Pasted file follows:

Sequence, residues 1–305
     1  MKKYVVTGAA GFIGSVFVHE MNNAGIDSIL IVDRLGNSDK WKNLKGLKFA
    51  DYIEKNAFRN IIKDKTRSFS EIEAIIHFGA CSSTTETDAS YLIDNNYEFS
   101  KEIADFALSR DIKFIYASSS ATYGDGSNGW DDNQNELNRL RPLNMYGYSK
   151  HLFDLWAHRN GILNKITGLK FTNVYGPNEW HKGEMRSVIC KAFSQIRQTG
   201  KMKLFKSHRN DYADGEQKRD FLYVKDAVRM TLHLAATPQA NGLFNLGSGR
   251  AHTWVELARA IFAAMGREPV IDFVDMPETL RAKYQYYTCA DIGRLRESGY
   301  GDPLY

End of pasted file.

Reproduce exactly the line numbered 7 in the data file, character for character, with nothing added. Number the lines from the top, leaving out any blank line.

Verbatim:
   251  AHTWVELARA IFAAMGREPV IDFVDMPETL RAKYQYYTCA DIGRLRESGY